I understand you're trying to be ..grounded and 'realistic'.. that's fair. But the simple case is that of all the things that are not in their control, none of those are the issue. The only things that are actually an issue are the things that ARE in their control.
so: "This isn't to say Optus is the bottle neck here, but they control about 20% of the data chain to your house." no. They ARE the bottleneck, and they have control over 80% of the data stream to your house. The only thing they don't control is the original feed (from the cameras) and the LAN (if any) in the house.
2017-05-26 09:16 PM
Curiousity suggests an element of open mindedness.
I missed the on demand bit, so yes the vagaries of the WWW don't come into play. The other three still seem things Optus don't control. FWIW fibre is capable of great speeds but if its not working properly then there's not so much Optus can do about it.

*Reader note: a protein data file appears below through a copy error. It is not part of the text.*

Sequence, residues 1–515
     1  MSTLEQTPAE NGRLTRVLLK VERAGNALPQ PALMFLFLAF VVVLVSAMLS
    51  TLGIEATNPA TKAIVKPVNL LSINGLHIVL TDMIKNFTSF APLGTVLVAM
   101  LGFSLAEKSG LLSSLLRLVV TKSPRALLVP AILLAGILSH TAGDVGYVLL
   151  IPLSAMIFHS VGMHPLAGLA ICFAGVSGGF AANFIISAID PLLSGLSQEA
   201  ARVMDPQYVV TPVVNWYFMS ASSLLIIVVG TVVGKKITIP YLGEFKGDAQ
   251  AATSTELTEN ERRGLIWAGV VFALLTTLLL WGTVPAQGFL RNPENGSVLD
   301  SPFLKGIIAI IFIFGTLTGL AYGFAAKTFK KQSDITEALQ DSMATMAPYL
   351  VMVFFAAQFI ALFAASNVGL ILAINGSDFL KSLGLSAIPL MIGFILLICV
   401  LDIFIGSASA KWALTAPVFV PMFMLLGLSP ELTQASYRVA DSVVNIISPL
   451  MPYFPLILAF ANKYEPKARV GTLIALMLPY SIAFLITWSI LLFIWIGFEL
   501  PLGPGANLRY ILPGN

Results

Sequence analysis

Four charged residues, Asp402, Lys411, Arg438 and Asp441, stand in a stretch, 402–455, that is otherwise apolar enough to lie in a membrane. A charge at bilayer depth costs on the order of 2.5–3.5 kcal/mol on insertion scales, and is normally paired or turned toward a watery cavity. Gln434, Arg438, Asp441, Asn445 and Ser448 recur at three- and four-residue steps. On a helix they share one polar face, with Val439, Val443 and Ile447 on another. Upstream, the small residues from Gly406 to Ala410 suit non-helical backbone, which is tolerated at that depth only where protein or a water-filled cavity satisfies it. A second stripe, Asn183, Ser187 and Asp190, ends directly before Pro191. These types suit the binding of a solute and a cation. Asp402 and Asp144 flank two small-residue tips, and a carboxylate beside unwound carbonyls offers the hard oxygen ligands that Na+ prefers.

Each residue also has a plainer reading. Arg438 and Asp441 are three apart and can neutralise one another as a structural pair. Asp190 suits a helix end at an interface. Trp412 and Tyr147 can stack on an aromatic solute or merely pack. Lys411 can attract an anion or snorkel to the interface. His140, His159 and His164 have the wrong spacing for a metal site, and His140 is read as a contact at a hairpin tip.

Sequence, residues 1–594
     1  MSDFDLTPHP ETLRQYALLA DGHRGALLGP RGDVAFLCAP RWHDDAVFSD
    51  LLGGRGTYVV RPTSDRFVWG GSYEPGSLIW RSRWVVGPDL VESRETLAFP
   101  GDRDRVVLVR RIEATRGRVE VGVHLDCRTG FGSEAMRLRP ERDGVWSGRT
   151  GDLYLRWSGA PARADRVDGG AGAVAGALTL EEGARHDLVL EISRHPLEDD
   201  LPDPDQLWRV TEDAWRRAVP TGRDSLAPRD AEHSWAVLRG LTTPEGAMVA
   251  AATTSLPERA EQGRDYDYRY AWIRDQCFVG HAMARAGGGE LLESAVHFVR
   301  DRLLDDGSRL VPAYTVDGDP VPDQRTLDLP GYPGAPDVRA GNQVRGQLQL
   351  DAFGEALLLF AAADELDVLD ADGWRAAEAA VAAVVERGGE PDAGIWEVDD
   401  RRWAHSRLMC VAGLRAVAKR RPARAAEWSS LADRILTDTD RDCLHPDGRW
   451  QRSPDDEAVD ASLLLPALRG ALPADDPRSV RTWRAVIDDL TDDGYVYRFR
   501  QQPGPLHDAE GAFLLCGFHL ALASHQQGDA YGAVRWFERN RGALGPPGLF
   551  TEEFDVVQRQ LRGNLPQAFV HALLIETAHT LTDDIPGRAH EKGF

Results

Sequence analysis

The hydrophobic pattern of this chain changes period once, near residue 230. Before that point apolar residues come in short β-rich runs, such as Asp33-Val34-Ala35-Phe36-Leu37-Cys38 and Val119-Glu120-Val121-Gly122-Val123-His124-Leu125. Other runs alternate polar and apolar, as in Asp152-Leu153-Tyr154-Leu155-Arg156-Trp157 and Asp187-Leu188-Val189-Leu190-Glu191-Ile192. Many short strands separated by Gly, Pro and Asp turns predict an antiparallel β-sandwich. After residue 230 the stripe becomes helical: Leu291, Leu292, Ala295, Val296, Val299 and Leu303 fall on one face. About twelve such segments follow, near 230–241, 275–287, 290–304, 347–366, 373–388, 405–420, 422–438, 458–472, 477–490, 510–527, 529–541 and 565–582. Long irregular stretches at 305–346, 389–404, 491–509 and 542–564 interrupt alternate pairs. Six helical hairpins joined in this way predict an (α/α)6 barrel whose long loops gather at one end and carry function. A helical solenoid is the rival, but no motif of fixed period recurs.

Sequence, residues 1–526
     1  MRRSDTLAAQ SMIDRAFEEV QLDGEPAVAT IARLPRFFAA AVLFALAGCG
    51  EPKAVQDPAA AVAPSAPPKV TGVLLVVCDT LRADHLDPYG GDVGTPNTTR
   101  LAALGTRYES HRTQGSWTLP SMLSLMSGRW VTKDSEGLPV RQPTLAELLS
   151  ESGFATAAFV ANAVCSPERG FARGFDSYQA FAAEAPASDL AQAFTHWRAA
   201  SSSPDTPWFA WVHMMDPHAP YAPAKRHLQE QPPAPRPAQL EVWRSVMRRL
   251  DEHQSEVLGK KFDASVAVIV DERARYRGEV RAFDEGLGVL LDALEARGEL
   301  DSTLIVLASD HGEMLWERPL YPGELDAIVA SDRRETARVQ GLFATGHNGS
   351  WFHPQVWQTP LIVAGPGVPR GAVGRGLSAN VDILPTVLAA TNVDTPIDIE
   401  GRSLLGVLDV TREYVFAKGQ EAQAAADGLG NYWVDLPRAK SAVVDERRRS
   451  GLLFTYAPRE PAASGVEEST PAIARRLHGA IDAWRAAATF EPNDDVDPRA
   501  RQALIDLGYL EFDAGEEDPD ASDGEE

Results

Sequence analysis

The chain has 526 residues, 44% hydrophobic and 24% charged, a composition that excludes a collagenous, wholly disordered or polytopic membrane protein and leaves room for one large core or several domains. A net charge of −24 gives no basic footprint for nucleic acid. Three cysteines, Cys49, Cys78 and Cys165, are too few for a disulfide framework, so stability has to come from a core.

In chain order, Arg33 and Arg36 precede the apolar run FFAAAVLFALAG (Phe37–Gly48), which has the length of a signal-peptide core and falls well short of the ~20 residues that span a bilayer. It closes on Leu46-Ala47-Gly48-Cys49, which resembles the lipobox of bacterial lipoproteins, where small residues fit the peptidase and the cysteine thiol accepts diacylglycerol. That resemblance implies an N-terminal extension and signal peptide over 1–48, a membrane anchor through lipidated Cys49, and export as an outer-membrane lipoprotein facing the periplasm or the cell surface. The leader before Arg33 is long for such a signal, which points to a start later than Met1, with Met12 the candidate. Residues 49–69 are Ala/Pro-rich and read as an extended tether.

That said, I agree the EPL service appears pretty appaling. Optus appears to have spent millions on getting the rights but don't seem to have considered their ability to distribute it over the network (Executives made the understandable decision that content is the new differentiator but The tech heads just shook them (their heads that is)) The result is the EPL seems to have pretty much disappeared from Oz.
2017-05-26 10:25 AM - edited 2017-05-26 10:26 AM
Well, unfortunately I suppose, I will be re-subscribing to it via an option for my phone.
While 15$/month seems like thievery (same applies to Telstra/Foxtel options for their respective 'premium' services), I really do want to watch it again next season.
And despite the issues with the player- it should at least be more consistent through a properly working connection: even if it is from another provider.
Kek. I AM open minded... but you need to make it convincing- I just wasn't convinced that's all
2017-05-26 01:08 PM
If you love your sport, you're the network's whipping boy unfortunately.